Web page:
elements and disrupt reading. This is especially true if justified
type is used on a short line length. If the word spaces are too
small, it becomes difficult to distinguish each separate word. A
good trick to use to check word spacing is to turn the page upside
down and squint at it. Excessively large word spaces will stand
out. Be especially careful with condensed and expanded fonts, reversed
type, and vertical, narrow typefaces (like Bodoni).
RULE FIVE: CREATE
EVEN LETTER SPACING
When letters are correctly spaced, a paragraph of type takes on
an even color. From a distance it should look like a screened gray
block. The shade of gray will depend on the heaviness of the typeface.
Any interference with normal letter spacing is very hard to read.
If the letter spacing is uneven, darker spots stand out in places
against the gray color. Often, tight tracking will create uneven
RULE SIX: THINK ABOUT
An important factor in the readability of type is the background
on which it is placed. This includes not only any printed blocks
of color, screens or black backgrounds, but also the kind of paper
the type appears on. When selecting a typeface, think carefully
about what kind of background it will be placed on. For instance,
a fine, light typeface will not stand out well on black or screened
background, or on textured/glossy paper. To avoid readability problems,
never place text type on black or screened backgrounds. It’s
too hard to read!
A strong sans serif headline, however,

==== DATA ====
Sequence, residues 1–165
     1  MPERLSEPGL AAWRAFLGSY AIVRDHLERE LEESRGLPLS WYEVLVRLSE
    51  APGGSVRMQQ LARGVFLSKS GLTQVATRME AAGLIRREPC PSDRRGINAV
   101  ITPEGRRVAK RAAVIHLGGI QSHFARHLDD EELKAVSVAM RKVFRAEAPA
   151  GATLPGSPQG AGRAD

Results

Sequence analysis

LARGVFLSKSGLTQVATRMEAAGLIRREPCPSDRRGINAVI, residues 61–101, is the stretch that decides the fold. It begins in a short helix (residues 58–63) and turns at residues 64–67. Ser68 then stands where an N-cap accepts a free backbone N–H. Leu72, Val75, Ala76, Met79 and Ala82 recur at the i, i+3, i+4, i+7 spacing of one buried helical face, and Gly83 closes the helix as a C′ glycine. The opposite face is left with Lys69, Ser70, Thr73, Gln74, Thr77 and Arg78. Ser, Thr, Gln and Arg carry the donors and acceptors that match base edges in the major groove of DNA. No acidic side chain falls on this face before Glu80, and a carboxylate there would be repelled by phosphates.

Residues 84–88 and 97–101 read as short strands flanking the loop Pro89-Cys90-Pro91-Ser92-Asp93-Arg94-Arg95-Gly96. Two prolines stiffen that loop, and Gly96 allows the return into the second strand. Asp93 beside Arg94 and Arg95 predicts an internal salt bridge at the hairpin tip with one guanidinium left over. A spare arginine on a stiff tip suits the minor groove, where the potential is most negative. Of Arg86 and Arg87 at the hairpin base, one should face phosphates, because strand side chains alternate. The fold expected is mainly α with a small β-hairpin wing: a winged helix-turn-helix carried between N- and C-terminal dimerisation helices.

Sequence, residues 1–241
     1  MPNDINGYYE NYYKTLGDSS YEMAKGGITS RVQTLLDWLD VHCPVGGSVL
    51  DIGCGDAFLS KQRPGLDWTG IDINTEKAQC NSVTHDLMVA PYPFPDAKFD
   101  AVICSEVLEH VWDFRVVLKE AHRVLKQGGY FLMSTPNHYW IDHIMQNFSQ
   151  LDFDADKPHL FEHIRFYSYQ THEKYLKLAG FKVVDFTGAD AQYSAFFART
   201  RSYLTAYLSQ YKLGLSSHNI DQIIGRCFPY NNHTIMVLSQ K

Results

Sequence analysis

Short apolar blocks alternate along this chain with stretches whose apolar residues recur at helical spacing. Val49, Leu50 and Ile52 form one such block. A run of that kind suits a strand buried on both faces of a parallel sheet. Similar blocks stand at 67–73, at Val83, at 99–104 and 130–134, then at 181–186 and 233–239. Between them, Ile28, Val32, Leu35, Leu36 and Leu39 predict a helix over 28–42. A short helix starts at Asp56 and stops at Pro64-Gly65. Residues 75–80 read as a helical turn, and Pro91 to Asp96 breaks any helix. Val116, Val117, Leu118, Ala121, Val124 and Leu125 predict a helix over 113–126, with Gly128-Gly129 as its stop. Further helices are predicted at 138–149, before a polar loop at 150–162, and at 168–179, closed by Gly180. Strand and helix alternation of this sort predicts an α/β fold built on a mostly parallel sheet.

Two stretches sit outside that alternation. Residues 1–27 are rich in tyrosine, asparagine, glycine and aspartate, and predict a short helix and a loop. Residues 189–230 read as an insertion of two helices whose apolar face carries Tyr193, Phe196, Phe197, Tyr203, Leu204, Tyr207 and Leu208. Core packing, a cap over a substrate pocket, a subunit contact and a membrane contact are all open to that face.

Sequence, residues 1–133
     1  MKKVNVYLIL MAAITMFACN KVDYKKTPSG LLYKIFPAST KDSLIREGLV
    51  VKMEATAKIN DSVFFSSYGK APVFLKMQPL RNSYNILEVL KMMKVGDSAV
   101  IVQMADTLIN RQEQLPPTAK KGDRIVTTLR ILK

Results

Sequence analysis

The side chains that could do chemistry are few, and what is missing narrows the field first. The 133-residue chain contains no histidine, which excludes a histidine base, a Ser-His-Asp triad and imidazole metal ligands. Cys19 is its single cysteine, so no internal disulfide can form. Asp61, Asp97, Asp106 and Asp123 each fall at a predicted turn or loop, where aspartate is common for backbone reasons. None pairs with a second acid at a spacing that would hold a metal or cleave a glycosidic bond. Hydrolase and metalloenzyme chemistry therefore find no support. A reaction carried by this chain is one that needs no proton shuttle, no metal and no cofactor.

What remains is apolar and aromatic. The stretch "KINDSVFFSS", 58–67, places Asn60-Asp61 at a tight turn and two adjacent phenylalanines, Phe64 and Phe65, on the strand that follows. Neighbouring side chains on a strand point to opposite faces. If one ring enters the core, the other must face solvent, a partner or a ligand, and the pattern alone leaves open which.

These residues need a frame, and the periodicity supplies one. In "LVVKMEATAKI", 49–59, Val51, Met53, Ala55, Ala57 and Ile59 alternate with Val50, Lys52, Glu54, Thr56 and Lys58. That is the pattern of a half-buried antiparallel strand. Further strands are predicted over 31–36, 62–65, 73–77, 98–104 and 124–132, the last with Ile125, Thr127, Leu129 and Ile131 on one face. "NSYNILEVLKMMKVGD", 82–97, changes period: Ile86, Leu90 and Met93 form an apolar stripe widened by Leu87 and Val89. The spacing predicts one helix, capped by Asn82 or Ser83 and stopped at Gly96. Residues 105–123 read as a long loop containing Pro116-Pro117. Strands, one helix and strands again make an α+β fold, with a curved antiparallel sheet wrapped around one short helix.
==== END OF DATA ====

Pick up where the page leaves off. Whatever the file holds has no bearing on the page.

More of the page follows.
is a good choice for a black or screen background:
AMPLE LEADING (LINE SPACING)
Line spacing has an important function in readability; it acts as
a guideline to the next line. If the leading is too tight, these
guidelines are lost and readers are more likely to skip lines. In
addition, the type looks dark and uninviting which makes reading
more difficult. When the leading is too wide, it begins to compete
with the type for the reader’s attention.
There are no firm rules for determening
ideal leading. Many factors need to be considered including: x-height,
weight of type, point size, case, line length, etc. Also keep in
mind the function of the design. Text for prolonged reading should
have wider leading, but when only a small piece of information needs
to be read (e.g. directory), leading can be tighter.
As a general guideline, the ideal line
space is considered to be 120% of the point size. For example, 10
point type would be set with 12 point leading. A page-layout program’s
auto leading option is also 120% of the point size. Negative leading
(when the point size is greater than the leading) should only be
considered when using all uppercase letters, or lowercase letters
Here are some general guidelines for
selecting the right leading:
|Use more leading with:
||Use less leading with:
|• Long lines (14+ words)
• Short lines (8 words or less)
|• Typefaces with large x-heights
||• Typefaces with small x-heights
|• Heavy/dark typefaces
||• Light typefaces (e.g. Baskerville)
|• Thick/thin contrast type, sans
or reversed type
|• Large amounts of copy in small
RULE EIGHT: SELECT
THE MOST READABLE TYPE ALIGNMENT
As a general rule, the most readable type alignments are justified
and flush left. The reason for this is that they both provide a
straight left margin for the reader to return to. Centered and flush
right alignments are ragged on the left and therefore much harder
to read in large quantities.
However, justified and flush left alignments
also have their readability problems. Although justified type is
the preferred alignment for most books, magazines and newspapers,
it can have bad word spacing problems if the type is set on too
short a line length. Flush left, on the other hand, usually has
even word spacing. Sometimes, though, a very ragged right edge can
create readability problems too.
Another definition of Typography: